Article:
Barton Childs

Hopkins University pediatrics professor studied inherited diseases, medical ethics questions

February 25, 2010|By Jacques Kelly

Barton Childs, a Johns Hopkins University pediatrics professor emeritus who worked in the field of inherited diseases, died of pneumonia Feb. 18. He was 93.

Dr. Childs lived in Roland Park and died at Johns Hopkins Hospital.

"We have lost a giant of his or any generation of medicine," said Dr. Edward D. Miller, dean and chief executive officer of Johns Hopkins Medicine. "His medical home was at Johns Hopkins, but his influence was worldwide."

Born in Hinsdale, Ill., and raised in Chicago, he was an adopted child. He earned an undergraduate degree at Williams College and came to Baltimore in 1938 as a Johns Hopkins School of Medicine student.

According to a biography prepared at Hopkins, Dr. Childs' interest in genetics was sparked by his encounters with children with congenital anomalies at the old Harriet Lane Clinic, now the Johns Hopkins Children's Center.

He left the school in 1943 for service in the Army and had a research fellowship at Children's Hospital in Boston in 1948 and postdoctoral training at London's University College in 1952. There he studied with leading geneticists.

After returning to Baltimore, Dr. Childs became the first director of genetics in the department of pediatrics at Hopkins, where he made important contributions to the understanding of the genetic underpinnings of many diseases.

He also studied the genetics of Lesch-Nyhan syndrome, described as a rare disorder that drives its victims to uncontrollable self-mutilation.

Colleagues said his greatest contribution was his quest to integrate genetics into all of medicine. They called him a "Renaissance man of medicine." He published scientific articles on cerebral palsy, human development and evolution.

"He was also an early promoter of the advancement of women," said his wife of 26 years, Ann Pulver, a Hopkins medical professor. "He would bang on the dean's door to push for women to be promoted to full professor."

She said her husband was a modest man who insisted that his students take full credit for their scientific research.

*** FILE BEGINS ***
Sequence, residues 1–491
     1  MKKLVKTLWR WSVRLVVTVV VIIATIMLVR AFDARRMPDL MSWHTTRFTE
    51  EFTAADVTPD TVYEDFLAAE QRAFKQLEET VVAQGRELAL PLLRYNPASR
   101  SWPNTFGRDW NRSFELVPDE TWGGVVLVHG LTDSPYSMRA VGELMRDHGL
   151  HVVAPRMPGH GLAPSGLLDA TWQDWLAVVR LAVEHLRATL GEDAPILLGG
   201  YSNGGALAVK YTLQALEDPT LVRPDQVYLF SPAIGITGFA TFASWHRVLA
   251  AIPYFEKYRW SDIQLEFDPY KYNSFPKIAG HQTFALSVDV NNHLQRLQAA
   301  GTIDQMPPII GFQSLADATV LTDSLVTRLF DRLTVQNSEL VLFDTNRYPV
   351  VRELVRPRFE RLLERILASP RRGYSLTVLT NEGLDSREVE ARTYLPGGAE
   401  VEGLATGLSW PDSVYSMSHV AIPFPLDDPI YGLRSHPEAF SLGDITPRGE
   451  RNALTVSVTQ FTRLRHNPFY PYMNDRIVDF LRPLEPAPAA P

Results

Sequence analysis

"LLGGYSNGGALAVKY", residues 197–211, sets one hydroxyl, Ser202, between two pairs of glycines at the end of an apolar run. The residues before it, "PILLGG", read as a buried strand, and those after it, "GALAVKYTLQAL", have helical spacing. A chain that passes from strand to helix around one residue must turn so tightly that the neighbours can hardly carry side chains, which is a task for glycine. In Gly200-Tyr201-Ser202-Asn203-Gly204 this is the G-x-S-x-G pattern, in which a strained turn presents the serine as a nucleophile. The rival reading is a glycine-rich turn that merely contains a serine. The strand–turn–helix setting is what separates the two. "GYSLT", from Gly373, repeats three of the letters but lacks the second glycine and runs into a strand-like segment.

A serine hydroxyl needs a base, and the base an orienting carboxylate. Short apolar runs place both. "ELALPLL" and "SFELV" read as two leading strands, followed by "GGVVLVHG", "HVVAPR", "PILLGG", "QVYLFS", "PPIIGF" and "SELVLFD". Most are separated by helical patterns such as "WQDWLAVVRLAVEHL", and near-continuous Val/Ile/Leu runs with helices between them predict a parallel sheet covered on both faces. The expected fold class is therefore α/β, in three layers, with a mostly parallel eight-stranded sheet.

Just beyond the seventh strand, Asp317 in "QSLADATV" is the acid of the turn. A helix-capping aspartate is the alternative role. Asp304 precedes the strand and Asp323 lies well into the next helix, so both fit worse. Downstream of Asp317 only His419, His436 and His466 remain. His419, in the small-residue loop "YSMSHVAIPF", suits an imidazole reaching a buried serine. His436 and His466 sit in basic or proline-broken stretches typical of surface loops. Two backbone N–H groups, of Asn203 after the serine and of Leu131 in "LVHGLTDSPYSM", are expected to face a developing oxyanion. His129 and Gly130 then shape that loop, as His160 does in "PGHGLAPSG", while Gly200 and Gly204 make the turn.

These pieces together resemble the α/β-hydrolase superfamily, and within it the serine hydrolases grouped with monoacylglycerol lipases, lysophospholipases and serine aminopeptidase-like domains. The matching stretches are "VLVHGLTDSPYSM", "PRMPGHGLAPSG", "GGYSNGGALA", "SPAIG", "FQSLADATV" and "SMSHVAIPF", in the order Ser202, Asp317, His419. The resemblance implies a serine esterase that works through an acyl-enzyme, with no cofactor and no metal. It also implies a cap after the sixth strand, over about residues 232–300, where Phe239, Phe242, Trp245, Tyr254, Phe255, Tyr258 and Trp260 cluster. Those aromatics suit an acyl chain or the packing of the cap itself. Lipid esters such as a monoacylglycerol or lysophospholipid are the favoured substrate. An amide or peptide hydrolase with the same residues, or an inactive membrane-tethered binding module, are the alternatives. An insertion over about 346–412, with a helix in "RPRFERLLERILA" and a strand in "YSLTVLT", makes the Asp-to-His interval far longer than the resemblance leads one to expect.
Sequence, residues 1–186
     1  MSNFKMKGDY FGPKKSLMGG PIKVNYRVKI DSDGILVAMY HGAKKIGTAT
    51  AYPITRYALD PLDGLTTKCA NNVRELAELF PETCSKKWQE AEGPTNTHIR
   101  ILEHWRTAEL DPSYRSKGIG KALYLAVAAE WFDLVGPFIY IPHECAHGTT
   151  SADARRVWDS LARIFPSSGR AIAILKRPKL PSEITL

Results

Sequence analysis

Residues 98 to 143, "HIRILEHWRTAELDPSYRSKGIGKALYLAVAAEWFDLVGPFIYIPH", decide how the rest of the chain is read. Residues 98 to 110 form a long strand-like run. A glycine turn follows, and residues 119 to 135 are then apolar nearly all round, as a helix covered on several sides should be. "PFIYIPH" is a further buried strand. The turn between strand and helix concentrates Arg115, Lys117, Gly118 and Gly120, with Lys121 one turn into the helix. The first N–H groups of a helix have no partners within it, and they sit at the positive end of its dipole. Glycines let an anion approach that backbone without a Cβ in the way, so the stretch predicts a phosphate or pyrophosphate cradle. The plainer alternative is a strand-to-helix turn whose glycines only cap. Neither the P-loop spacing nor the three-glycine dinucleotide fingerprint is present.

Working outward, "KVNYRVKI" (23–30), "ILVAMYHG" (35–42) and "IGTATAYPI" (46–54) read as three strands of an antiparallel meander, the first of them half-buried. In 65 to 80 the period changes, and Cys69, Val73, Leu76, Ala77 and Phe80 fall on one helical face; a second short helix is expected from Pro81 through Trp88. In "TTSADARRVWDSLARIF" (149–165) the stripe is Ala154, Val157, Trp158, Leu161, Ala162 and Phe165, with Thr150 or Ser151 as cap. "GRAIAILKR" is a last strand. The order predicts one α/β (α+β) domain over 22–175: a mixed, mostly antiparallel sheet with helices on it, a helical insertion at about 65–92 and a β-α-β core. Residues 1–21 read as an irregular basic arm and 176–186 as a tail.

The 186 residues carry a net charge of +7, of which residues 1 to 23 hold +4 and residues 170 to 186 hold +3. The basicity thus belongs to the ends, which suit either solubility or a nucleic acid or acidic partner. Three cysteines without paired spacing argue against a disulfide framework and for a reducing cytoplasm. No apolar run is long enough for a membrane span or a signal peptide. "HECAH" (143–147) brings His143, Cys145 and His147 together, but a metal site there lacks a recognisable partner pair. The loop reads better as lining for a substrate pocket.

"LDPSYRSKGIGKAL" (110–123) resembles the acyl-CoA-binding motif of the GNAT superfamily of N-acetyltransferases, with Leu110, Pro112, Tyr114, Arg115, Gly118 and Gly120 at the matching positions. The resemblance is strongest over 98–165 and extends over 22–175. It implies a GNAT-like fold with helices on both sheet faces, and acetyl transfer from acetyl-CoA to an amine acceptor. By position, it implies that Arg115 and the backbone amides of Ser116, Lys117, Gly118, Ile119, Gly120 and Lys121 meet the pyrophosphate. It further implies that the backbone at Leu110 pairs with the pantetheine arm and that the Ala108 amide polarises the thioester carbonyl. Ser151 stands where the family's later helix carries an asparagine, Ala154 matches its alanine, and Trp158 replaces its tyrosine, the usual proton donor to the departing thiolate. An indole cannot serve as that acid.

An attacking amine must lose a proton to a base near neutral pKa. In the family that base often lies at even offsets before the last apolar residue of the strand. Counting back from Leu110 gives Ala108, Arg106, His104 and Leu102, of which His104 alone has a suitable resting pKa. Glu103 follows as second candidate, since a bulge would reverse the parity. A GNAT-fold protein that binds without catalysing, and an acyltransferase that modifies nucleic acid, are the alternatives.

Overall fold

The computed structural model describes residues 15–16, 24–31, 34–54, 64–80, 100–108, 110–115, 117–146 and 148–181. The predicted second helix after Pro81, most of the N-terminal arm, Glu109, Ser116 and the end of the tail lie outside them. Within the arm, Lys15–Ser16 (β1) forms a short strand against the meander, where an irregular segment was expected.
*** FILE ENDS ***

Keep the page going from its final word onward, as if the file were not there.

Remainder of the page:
"He did not promote himself," she said. "But he stood behind his students and helped them."

Colleagues said Dr. Childs stimulated many of his Hopkins colleagues to ponder human diseases in the context of genetics, including prostate cancer, inflammatory bowel disease and dyslexia.

He had an insatiable curiosity about human nature, which drove him to study ethical and philosophical questions beyond the field of medicine. In the 1970s, he was among the first to analyze the impact of genetic testing and counseling on patients and families.

"He was 50 years ahead of his time," said a colleague and former student, Dr. Ada Hamosh, a pediatric geneticist at Hopkins Children's. "Barton Childs was an incomparable pediatrician, a prescient geneticist and a wonderful human being. I will always cherish my memories of his pointed questions, high standards and unique style manifested in his trademark red socks."

His wife said he also wore bow ties to deter children from pulling on a longer necktie. She said she had shopped "all over the world" for his red socks and that he instructed his tailor to keep his cuffed trousers short so his trademark socks would show.

From 1972 to 1975, Dr. Childs chaired the National Academy of Sciences' national research committee in inborn errors of metabolism. The study helped lay groundwork for policies on newborn genetic-disease screening.

In 1989 he received the American Pediatric Association's highest honor, the John Howland Award.

Plans for a memorial service are incomplete.

Other survivors include two daughters, Anne Childs of Pleasanton, Calif., and Lucy Childs of Martinez, Calif. His first

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